Pitt experienced a similar less-than-glamorous movie moment during the shooting of Johnny Suede. One scene required his character, Johnny, a pompadoured rock-star wanna-be, to pee in a bucket. Pitt faked it for the cameras, but when the shooting was done, the soundman still needed the sound of piss hitting the bucket. Pitt volunteered. “There’s fifty crew members standing around,” says director DiCillo, “and a boom girl standing there next to the bucket with a microphone. And Brad just pulled out his pecker and pissed for twenty-five seconds.”

“I still didn’t get the sound I wanted,” says Pitt, ever the perfectionist.

Because Thelma and Louise had yet to be released and JD had yet to slink into the hearts of millions, DiCillo went against the wishes of his “money people” when he cast Pitt in the lead role of his movie. So did Ralph Bakshi when he went with Pitt for the lead role in Cool World over many Hollywood “names.” “I had seen about 200 actors for the part,” says Bakshi. “Like, everyone. Brad walked in the room, did a reading and blew me away. I thought he was the only one who could do this part.”

Shooting Cool World provided its own challenges, like acting with invisible costars who would be drawn in later. “If you have an ego,” Pitt says, “You’ll lose it, just having to do this”—he puts his arm around an invisible girl and kisses the air—“with all these people standing around. Pitt had to act love scenes and fight scenes all by himself. “It just became a dance,” he says.

After shooting an entire movie in a studio, it was a relief to play a fisherman in A River Runs Through It. Pitt plays Paul, the brother who’s great at fly-fishing but bad at fitting in. Pitt, who’d had plenty of experience playing misfits, mostly needed to work on the fly-fishing. He started practicing his casting with a fly rod on top of buildings in Hollywood a few weeks before leaving for Montana. “I’d hook myself in the back of my head all the time,” he says. “One time, they had to dig the barb out with pliers.”

Beyond learning such essential skills as fly-fishing, Pitt says that he doesn’t believe in excessive preparation for a role. “Most actors can get kind of silly,” he says. “Wackadoos, most of us. Part analysis, part preparation—I usually end up throwing most of it out the window. Once you get on set, you go on instinct, on impulse. You have all these grand theories about your character, but I never really understand them until I see the movie, and then I say, ‘Oh, that’s what that was about. That’s who he was.’”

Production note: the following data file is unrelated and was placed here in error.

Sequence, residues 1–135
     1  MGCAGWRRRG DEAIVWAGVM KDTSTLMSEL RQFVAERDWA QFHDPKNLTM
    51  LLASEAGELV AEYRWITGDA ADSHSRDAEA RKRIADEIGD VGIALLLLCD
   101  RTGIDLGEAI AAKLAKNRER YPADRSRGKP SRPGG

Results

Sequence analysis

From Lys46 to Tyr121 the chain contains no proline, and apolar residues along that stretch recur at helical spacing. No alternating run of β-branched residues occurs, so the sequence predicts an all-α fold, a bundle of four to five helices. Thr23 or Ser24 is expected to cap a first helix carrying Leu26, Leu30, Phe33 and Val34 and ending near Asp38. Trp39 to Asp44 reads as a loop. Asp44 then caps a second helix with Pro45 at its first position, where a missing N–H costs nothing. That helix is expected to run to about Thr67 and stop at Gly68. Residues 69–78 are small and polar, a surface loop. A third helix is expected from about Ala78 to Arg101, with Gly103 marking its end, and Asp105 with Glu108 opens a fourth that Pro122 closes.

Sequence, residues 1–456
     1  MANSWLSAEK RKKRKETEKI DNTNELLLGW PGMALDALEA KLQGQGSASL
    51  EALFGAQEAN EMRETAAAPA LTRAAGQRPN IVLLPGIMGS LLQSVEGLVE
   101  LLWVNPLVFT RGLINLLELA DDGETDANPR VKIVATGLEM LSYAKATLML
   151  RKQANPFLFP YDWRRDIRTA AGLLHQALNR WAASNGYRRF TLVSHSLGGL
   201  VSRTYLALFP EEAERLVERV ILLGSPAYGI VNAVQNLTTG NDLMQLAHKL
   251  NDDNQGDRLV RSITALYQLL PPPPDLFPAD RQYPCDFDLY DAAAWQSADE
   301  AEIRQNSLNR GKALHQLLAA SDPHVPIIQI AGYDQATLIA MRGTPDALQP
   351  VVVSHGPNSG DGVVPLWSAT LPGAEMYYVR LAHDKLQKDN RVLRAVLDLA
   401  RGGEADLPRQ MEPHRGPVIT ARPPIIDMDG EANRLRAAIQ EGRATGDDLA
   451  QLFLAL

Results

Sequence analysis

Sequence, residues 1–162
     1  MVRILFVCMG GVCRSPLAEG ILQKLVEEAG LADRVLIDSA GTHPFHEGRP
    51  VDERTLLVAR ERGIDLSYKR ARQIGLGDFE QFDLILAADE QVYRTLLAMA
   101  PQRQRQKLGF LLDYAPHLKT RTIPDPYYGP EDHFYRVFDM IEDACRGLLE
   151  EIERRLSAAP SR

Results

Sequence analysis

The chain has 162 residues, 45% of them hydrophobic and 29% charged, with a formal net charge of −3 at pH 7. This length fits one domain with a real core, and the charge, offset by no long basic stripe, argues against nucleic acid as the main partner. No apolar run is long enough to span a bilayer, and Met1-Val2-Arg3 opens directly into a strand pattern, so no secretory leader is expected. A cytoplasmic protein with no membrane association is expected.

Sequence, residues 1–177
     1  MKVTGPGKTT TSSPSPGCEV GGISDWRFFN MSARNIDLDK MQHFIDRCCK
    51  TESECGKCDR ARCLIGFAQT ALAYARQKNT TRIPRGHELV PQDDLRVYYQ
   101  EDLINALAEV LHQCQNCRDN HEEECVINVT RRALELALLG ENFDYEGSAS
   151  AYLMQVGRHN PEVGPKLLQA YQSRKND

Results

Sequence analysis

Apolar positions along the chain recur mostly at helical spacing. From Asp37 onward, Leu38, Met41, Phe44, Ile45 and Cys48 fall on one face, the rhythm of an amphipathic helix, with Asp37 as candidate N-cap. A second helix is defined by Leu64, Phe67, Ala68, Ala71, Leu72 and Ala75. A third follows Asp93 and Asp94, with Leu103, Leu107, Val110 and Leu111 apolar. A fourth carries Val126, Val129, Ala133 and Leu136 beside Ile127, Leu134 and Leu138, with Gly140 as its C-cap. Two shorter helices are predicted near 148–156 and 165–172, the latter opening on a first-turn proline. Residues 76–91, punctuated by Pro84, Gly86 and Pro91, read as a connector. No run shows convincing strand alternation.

Pitt as been reading a lot of movie scripts, looking for that rare well-written character who tries. “The typical hero with the cool one-liners just doesn’t interest me,” he says. “I’d rather see people dealing with problems, trying to get around them. There’s places for both kind of roles, but what respect is this thing of seeing people trying.” After about a year of reading scripts, he has finally found a couple of movies that he would like to act in. If one of them works out, it will be his first job in almost a year. “I’m in no hurry,” he says. “You start thinking that you gotta start picking the best of what’s available. Tricky business.

“A funny thing happens that I just now became aware of, and I really believe it’s why some actors don’t keep doing what they started out doing,” Pitt says. “All of a sudden, these people are telling you you’re worth this, you’re worth that. You’re worth more than you feel and what they’re telling you is that now you have something to lose. And so actors start operating out of fear; they’re scared to do that, they’re scared to do this, emphasizing all these other elements that have nothing to do with the art. It’s a business, bus business can’t be the main emphasis.”

Part of the business, of course, is hype. Pitt has had to deal with the James Dean comparison, which haunts every wiry young Midwestern actor with cool hair. Some people have even gone so far as to speculate that the dead icon is alluded to in the initials; JD. And how about that peeing thing? Didn’t Dean take a leak on the set of Giant to prove he wasn’t intimidated by Elizabeth Taylor? Pitt shrugs off such comparisons, saying, “I don’t know why you’d want to pattern your life after someone who’s not a survivor.”

“People have been asking me, ‘what is it like to be a star?’” he says. “That’s when you gotta get all coy and humble and say, ‘Gee, I don’t feel like a star.’ It’s work—that’s all it is. You’re still stuck with yourself.”

The basketball backboard isn’t going up as easily as the toothbrush holder did: The flimsy metal brace that came with the kit is sagging under the weight of the backboard, and the hoop hasn’t even been screwed into it yet. “It’s no good,” says Simmons. “Flimsy piece of shit.”

“Very disappointing,” says Pitt, slowly bouncing the basketball on the dirty cement driveway. Then, suddenly, he charges down the driveway toward the hoopless backboard, dribbling maniacally. Simmons guards Pitt closely, practically pushing him into the fence while trying to swat the ball away. Then, with an abrupt move that scatters tools and metal parts, Pitt whirls to the backboard and slam dunks the ball through the invisible hoop. Without even trying.